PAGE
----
Eat the Lord's Fries and be Healthy
Chipping Away at Fried Food Myths, December 3, 2012, Stephen Cauchi
Hot chips... they don't have to be bad for you. Lord of the Fries got it right.
CEO of Melbourne's Lord of the Fries restaurants, Mark Koronczyk proudly tells us that, "Lord of the Fries is superior. Unlike 95 per cent of the fries and chips in Australia, we follow the European model of using fresh potatoes. Not only are our products tastier but they are also healthier. We do not use the easier pathway followed by 95 per cent of Australian vendors who use frozen pre-fried potato which are full of preservatives, use beef tallow...and also whey powder."
Researchers from the Federico 2 University of Naples in Italy have smashed an age old fallacy. "Frying is bad for us? Absolutely not!" said Professor Vincenzo Fogliano, who oversaw the study with Italian chef Giuseppe Daddio. "If it's fried in the correct way, a potato chip...can be an excellent nutritional product."
The pair arrived at this conclusion by studying the way that cooking oil – which is usually loaded with fat – is absorbed during the frying stage. Zucchini and eggplant, thought of as healthy, absorbed 30 per cent of the oil. Potatoes and pizza absorbed just five per cent.
Italian researchers say that fried chips are not just full of nutrients, but also, if cooked correctly, the starch in potatoes makes them particularly resistant to oil absorption.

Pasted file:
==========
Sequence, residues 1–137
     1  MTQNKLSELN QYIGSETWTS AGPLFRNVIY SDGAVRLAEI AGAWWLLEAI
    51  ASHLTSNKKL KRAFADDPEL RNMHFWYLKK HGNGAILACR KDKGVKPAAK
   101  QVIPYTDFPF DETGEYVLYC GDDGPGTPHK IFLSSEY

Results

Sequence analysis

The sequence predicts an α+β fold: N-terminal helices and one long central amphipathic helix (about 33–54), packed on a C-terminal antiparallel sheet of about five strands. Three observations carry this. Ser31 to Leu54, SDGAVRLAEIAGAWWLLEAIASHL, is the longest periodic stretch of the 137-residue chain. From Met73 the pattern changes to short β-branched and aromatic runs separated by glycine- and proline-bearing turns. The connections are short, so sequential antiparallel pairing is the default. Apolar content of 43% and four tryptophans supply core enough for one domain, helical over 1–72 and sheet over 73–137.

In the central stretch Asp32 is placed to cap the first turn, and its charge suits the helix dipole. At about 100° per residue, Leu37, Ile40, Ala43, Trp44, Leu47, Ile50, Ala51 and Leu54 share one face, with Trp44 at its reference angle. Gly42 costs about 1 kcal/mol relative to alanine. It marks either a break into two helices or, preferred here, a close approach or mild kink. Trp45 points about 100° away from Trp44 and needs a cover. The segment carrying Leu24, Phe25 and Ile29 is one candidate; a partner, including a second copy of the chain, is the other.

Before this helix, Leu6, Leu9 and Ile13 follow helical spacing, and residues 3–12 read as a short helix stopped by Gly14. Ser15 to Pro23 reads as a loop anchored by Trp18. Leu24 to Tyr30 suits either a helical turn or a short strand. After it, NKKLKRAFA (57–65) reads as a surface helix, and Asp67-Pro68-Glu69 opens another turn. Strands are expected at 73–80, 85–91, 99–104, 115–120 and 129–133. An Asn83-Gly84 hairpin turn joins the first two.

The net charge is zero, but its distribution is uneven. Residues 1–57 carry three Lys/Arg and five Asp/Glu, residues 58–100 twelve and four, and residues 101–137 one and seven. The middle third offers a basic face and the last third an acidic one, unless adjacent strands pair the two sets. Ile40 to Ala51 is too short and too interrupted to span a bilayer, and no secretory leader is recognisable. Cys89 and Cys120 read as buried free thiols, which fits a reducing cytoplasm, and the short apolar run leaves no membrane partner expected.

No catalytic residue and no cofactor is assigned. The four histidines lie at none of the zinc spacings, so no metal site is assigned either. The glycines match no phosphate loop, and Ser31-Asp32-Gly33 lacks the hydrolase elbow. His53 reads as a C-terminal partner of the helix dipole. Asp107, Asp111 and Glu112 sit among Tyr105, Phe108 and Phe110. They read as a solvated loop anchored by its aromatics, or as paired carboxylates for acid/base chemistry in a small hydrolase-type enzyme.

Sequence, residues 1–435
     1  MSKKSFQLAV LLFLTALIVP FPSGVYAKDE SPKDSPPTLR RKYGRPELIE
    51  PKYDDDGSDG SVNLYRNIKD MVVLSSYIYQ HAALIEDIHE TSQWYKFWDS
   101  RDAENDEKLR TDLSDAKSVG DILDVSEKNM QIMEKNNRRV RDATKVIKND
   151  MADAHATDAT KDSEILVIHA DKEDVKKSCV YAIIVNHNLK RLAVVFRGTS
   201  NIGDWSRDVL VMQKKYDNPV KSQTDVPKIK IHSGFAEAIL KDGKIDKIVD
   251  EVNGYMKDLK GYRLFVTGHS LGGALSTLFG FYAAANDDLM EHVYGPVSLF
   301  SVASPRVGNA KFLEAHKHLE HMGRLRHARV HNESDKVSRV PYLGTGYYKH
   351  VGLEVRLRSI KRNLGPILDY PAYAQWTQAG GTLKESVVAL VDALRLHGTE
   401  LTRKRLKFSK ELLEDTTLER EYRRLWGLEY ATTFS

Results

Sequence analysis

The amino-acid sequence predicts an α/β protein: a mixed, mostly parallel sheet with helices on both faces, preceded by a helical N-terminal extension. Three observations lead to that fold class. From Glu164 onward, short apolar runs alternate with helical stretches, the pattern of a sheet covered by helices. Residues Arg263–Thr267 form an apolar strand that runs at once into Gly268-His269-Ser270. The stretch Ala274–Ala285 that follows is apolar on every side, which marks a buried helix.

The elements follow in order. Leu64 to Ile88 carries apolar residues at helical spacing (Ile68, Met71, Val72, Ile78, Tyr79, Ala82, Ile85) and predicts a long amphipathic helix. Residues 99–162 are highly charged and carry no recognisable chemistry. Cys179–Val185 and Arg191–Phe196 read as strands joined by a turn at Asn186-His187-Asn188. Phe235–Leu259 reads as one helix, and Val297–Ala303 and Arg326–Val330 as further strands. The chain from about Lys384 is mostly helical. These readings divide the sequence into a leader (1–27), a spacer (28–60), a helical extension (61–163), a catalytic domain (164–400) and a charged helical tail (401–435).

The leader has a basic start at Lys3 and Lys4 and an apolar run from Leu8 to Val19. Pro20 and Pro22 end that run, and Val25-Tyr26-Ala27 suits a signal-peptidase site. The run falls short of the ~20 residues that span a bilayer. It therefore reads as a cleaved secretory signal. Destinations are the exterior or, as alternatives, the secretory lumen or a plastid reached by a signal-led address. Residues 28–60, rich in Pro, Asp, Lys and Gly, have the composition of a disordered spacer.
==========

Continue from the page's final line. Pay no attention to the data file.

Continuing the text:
Potatoes resisted the oil because they're full of starch, said Professor Fogliano. "A fundamental rule is that starch plays an important part in sealing the food being fried and reducing the oil absorption. The starch in potatoes....is particularly effective."
There's a caveat or two, however. "Attention must be paid to frozen or pre-fried products," said Professor Fogliano, who spoke to the Italian newspaper La Stampa. "In these cases, the quantity of food absorbed increases significantly."
Lord of the Fries is one of the few places that cook fries the healthy way, European-style, as per the Italian study. They even keep the skin on. "I think it's a great study, we use fresh potatoes whilst almost every other business and even home made fries, use the frozen pre-fried option," said Mr Koronczyk. Using fresh potatoes labour-intensive, time-consuming and expensive.
"Our fries are the healthiest fries you can get," he said, "but I don't know if it's a healthy product."
The Dietitians Association of Australia echoed that sentiment. Spokeswoman Melanie McGrice said the only good fries were home-made fries. "Chips can be made slightly healthier if you're cooking them at home," she said. "But they're still high in fat and there's not a lot of nutrition in them." Especially, she said, if the skin was removed.
In summary: French fries are a treat food and should only be eaten in moderation, said Ms McGrice.
Ironically, even if fries are cooked the healthy way, customers will voluntarily make them unhealthy. At Flathead Fish'n'Chips in Brighton, where the chips are mostly definitely frozen in origin and not fresh, manager Mohan Vamsi said nearly all of his customers topped the chips with artery-stiffening condiments. "About 90 per cent of them like salt, and about 20 percent like vinegar," he said. "About half have sauce".
COOKING HEALTHY CHIPS